The City of Joburg claims that its hard work towards reducing traffic light downtime and fixing the pothole problem is already showing positive results.
This improvement follows the implementation of the city’s No Joints Policy earlier this year, which means that when repairing the lights, new cables are installed and the fault is not simply joined.
This progressively reduces the high incidence of signal downtime at the most critical high-volume intersections in the city, said member of the mayoral committee (MMC) for transport, Nonhlanhla Mukhuba.
During the 2016/17 financial year which ended in June, 89 intersections were re-cabled and are now joint-free.
There has been an 18% reduction in the average number of daily traffic light faults between November last year and June this year, said Mukhuba.
There has also been a 60% improvement in the average time taken to repair faults, excluding those caused by power outages.
This has resulted in a 55% average traffic light downtime per day.
Power outages remain a major contributor to traffic signal downtime, constituting 50% of the daily faults reported.
Increased interaction between the Joburg Roads Agency (JRA), City Power and Eskom is being prioritised to address this.
Similarly to the JRA, City Power and Eskom are affected by ageing infrastructure and cable theft, which result in power outages.
In March this year, the city allocated an additional R6 million to the JRA through the mid-year adjustment process to enable the accelerated implementation of the No Joints Policy.
This allocation was also used to improve the JRA’s traffic light fault detection systems to improve signal timings and reduce congestion, and for security surveillance of critical intersections prone to theft of infrastructure such as cables.
Additional funding was also provided for hiring personnel, and the JRA started a process of recruiting additional traffic-light repair technicians.
Potholes a priority too
Furthermore, the city says that a total 117 483 potholes have been fixed over the past year.
This constitutes a significant increase of 26 945 or 22% more pothole repairs compared to the same period ending on July 2, 2016.
Following several torrential downpours between November 2016 and January 2017, which damaged roads across the city, causing a proliferation of potholes, repairs were prioritised, said member of the mayoral committee for transport Nonhlanhla Mukhuba.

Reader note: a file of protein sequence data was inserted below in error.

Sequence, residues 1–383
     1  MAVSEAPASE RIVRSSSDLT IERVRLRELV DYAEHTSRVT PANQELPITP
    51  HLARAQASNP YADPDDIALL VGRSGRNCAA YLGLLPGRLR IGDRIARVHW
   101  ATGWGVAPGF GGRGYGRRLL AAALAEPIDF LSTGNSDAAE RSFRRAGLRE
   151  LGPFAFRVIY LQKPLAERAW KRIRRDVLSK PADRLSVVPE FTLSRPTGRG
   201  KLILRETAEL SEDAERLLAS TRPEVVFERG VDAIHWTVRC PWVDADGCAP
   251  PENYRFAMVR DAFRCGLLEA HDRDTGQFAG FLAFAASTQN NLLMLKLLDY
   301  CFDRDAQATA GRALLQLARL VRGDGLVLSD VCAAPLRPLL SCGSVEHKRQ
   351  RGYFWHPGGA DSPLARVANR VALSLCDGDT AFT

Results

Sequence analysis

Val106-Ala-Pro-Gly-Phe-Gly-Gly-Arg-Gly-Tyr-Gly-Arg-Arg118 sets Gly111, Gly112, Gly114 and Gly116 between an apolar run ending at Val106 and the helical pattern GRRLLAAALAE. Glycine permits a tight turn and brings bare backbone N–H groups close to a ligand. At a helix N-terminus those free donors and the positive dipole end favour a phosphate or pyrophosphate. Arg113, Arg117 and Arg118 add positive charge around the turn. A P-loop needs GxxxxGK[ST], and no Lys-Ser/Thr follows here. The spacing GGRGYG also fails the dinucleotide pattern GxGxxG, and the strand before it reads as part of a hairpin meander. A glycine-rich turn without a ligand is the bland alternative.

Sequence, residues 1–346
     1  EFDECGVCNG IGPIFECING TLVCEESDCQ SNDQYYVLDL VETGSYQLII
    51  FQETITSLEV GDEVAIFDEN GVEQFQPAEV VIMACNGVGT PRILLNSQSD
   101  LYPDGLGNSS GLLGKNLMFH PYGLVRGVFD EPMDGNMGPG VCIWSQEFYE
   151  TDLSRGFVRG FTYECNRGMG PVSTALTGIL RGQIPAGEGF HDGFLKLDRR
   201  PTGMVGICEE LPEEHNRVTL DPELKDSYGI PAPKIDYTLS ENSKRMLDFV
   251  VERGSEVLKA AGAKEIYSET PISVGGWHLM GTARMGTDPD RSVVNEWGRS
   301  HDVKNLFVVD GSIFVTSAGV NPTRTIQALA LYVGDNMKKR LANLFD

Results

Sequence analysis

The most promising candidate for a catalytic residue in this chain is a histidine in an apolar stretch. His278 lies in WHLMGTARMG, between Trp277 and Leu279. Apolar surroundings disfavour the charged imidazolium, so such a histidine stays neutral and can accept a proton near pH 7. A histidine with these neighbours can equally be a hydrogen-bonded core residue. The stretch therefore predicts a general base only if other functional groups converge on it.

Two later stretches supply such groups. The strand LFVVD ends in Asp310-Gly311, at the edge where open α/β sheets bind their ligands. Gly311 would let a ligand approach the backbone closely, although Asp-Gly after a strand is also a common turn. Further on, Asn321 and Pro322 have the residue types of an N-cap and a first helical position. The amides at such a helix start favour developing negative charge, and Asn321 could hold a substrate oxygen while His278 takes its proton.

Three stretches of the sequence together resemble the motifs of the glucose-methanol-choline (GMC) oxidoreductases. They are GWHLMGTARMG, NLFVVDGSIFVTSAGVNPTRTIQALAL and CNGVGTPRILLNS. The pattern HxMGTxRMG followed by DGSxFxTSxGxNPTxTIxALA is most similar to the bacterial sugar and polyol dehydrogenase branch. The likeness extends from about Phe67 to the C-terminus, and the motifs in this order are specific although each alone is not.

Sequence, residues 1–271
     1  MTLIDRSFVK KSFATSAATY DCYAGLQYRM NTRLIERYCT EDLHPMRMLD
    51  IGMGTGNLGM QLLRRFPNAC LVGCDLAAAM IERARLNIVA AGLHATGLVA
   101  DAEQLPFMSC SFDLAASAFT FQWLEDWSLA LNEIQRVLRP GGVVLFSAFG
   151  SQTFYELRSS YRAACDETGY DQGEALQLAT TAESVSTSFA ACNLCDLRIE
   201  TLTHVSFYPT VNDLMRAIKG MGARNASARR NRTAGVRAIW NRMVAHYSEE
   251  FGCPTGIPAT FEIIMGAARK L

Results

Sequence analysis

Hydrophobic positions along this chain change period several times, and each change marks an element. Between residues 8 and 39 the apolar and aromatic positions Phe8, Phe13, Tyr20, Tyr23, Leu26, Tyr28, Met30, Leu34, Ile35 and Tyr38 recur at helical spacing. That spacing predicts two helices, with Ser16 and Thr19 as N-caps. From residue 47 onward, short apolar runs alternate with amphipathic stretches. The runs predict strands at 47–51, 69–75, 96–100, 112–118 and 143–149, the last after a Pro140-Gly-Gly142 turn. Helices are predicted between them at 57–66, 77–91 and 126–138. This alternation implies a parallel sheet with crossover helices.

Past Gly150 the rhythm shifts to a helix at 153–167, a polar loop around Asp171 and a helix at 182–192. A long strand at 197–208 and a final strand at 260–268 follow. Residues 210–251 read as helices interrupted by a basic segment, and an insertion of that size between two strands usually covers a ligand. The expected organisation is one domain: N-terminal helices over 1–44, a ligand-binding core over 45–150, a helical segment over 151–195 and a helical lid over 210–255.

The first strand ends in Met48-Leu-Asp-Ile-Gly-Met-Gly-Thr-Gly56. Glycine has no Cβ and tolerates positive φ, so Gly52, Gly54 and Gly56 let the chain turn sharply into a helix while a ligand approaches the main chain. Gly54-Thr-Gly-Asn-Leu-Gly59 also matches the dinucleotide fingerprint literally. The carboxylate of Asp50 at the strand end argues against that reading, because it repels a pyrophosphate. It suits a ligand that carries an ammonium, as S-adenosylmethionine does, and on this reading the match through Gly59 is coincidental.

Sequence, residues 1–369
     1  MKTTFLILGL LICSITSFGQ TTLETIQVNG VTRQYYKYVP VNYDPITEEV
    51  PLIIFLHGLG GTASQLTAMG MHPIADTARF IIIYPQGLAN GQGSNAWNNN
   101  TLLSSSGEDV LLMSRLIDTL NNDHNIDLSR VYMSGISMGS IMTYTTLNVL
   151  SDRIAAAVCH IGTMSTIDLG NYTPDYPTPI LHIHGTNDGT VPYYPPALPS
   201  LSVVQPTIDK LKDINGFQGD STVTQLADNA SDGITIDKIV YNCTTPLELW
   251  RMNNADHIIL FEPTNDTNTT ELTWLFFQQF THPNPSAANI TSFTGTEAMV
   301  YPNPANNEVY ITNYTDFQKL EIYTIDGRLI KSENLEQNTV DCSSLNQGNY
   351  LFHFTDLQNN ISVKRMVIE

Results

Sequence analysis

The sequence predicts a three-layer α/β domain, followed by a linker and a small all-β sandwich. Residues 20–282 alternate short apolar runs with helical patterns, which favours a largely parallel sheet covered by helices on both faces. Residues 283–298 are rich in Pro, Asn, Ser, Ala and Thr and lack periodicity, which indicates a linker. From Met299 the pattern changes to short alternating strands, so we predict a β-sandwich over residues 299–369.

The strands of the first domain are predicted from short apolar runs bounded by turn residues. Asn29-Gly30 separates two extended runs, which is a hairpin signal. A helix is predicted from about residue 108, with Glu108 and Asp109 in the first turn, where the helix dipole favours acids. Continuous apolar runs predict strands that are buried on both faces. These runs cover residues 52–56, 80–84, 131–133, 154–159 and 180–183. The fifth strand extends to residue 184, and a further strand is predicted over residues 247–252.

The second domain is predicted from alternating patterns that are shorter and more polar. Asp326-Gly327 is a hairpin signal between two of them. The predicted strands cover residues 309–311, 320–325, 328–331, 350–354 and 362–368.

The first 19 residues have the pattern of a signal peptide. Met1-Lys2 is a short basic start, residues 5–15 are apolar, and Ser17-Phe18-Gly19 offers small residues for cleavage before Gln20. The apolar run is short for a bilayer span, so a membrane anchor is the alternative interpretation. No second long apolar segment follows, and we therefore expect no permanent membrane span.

To address the crisis, the mayor, Herman Mashaba, declared a “war on potholes” and committed an additional R88 million to fast-track the repair of failing road surfaces.
“I am delighted to confirm that through our positive interventions the Johannesburg Roads Agency (JRA) has resolved the crisis by working overtime on evenings and weekends, utilising R60 million for much-needed pothole repair material and equipment. The funds were also utilised in appointing contractors to supplement internal capacity to assist with the backlog. Added to this, R28m has been provided to recruit the 40% JRA road maintenance staff capacity shortages,” said Mukhuba.
Prior to these interventions, the JRA was not keeping up with increased service requests for pothole repairs, but the interventions have enabled the situation to be stabilised.
While the interventions have made a progressive impact on the quality of roads and public safety, pothole repairs are a short-term fix to ensure the safety of all road users. Resurfacing and/or reconstruction of roads remain the long-term solutions of improving the overall condition of the road network, said Mukhuba.
The city’s 13 428km of roads infrastructure is ageing and has not been sufficiently maintained for many years. This means that potholes, which are a sign of failing surface and structural layers, will continue forming with each new rainy season. While the current budget allocation for resurfacing and reconstruction does not fully address these backlogs, it's the intention of the city to gradually increase the budgets for these activities over time, said Mukhuba.
In the weeks to come, the JRA will be releasing its latest study; a visual condition index of the state of the city’s roads, which explains whether the condition of Joburg roads is improving or deteriorating, project future road condition trends, determine maintenance and budgetary requirements as well as inform prioritisation of maintenance projects such as resurfacing and rehabilitation.
In April the JRA announced that nearly half of Joburg’s roads are in such a bad state of disrepair that the JRA will need R1.38billion per year for the next decade to repair them.
This comes after it was revealed that 48% of the roads have been classified as being in “poor” or “very poor” condition.
The agency said the lack of maintenance had allowed the roads to deteriorate, but to get the percentage down to single digits it would cost R13.8bn over the next 10 years.
However, the budget for the 2016/17 financial year for resurfacing and reconstruction was only R262m.